My favorite Jamaican, Cleon Meek, grew up in St. Mary Parish halfway between Montego Bay and Port Antonio on the north shore of the island. When he woke up as a child, he told me ” We never ate breakfast. Instead we would just go outside and pick whatever fruits were ripe. We’d eat those all morning as we worked the family’s fields.”
Jamaica has every tropical fruit you can imagine. The national fruit, akee or aki, was imported by the British. They invented a dish combining aki with salted fish. I had it every chance I got. It was free at breakfast at both hotels I stayed at earlier this month.
Invited to help the only agricultural college in Jamaica become more resilient and climate smart, we enjoyed a balmy December away from the cold weather and even colder politics of the US preparing for the Trump years.
The College of Agriculture, Science and Education (CASE) is located on the northeast coast 3 miles from the eco tourism mecca of Port Antonio. The college operates at three locations from the Caribbean up into the Blue Mountains. The main campus has fruit, vegetable and animal production which provides nearly all the food for the college’s 1000 students. A second farm is focused on bananas, pineapples and other tropical fruit. A third is developing a beef cattle/coconut silvopasture system and refurbishing 3 acres of greenhouses..
The challenges of CASE are the same problems many colleges and universities have: a bureaucratic (not entrepreneurial) mindset and infatuation with the new. Some professors are focused on drones, remote cameras and GIS applications which don’t fit any but the very richest famers. And those farmers often already know more than the university professors about the technology. Other faculty and staff are so preoccupied with protecting their positions that they can’t envision new ways of helping the CASE students. Unlike many colleges around the world, CASE has an innovative new President, Derrick DesLandes and many faculty dedicated to helping the poor rural communities surrounding CASE.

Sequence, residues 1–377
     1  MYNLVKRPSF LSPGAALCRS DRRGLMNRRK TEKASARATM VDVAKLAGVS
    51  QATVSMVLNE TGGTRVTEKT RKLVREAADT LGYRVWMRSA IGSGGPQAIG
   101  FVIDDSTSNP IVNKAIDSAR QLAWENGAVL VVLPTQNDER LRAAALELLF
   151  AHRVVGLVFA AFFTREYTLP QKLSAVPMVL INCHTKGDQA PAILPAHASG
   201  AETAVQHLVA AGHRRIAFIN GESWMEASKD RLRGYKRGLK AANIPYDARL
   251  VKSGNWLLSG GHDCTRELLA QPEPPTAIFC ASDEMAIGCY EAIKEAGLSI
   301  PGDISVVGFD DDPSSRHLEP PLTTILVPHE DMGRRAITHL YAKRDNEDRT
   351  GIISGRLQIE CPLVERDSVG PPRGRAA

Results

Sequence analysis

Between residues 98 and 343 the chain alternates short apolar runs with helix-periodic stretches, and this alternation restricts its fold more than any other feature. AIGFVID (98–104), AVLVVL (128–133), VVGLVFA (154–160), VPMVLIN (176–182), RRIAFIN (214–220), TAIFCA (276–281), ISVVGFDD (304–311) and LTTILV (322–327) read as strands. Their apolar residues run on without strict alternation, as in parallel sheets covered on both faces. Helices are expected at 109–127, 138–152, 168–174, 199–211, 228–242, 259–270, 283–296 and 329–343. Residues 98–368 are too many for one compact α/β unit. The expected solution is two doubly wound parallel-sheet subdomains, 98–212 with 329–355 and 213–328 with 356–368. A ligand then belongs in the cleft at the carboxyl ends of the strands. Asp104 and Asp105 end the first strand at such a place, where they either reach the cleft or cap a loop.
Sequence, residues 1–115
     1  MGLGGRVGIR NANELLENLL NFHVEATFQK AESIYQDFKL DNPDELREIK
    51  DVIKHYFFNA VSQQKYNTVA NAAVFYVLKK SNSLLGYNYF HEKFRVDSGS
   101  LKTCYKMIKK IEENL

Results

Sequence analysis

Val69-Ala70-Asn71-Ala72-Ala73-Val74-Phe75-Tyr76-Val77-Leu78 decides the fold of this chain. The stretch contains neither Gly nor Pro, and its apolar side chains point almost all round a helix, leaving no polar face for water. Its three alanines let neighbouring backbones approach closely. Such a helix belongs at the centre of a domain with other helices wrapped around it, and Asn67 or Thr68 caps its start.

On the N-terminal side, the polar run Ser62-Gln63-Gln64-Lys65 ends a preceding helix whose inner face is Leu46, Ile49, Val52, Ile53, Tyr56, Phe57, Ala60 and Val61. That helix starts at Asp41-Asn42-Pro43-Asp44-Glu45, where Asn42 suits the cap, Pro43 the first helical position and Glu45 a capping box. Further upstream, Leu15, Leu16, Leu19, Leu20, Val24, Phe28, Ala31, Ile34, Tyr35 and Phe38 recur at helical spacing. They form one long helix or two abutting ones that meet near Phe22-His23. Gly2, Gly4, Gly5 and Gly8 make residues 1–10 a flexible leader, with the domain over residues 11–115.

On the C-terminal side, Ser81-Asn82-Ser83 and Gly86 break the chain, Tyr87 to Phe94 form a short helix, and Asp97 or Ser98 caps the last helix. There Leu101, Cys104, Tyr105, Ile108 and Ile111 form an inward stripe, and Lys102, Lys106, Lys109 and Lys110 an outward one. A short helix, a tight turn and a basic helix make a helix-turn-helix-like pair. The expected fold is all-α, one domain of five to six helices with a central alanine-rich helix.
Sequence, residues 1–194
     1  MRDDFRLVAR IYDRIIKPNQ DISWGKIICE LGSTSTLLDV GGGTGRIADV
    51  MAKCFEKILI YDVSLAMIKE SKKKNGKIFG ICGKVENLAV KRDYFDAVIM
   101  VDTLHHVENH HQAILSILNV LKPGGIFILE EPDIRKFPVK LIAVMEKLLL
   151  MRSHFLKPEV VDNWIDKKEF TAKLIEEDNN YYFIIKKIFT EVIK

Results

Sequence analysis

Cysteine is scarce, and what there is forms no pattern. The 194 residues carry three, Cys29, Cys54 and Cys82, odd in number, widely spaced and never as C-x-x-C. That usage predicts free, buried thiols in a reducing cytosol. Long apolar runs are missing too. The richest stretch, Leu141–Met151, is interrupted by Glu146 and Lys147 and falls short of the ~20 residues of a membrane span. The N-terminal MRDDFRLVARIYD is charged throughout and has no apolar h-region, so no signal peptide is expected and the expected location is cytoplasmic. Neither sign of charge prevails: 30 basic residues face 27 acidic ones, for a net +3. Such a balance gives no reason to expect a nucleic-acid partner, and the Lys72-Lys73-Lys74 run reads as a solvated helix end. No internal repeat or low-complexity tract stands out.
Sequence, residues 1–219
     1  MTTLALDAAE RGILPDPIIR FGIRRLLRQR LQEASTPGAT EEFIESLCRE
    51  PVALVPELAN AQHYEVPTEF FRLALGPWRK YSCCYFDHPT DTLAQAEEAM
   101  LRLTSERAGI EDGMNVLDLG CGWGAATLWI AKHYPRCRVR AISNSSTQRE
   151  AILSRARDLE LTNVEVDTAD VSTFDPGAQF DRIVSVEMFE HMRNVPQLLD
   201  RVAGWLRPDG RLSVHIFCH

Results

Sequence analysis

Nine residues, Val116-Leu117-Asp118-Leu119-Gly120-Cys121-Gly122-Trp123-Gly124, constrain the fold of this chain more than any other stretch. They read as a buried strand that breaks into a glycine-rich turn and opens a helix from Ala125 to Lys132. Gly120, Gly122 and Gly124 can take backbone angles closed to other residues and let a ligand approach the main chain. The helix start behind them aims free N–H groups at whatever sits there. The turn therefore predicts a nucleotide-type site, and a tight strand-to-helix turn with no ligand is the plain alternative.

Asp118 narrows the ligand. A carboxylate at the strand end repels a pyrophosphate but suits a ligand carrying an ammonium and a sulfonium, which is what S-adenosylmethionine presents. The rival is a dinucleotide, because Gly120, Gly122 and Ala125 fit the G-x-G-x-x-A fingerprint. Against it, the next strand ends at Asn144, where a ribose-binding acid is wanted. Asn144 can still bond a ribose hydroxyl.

Resilient farms, rural communities and colleges are characterized by conservative innovation. All resilient systems are innovative. They must be to survive, adapt and thrive in the face of climate change and the many other disturbances which afflict poor rural communities. Resilient systems adopt new practices and enterprises only when those innovations are consistent with tried and true existing systems.
Resilient systems don’t throw out the baby with the bath water. They do throw out the old bathwater and bring in fresh water and soap. Resilient farms and communities are aching for colleges and universities to help them improve their existing enterprises.
In Jamaica, chicken, whether jerked or not, is the most popular food. They have it at almost every meal. About a third of all chickens are raised by small farmers in their back yards and on their small plots of land. Low cost innovations to improve this enterprise could vastly improve the lives of these rural families. However, some are considering investing in a massive tunnel-ventilated chicken house. To obtain such facilities, farmers must put up their land and houses as collateral for loans. Then, to pay back the loan, they must sign contracts with poultry integrators to house thousands of birds jammed into tiny spaces meaning antibiotics are required to keep them from dying of disease. They must be fed imported feed and not allowed outside to scratch for healthier, natural food.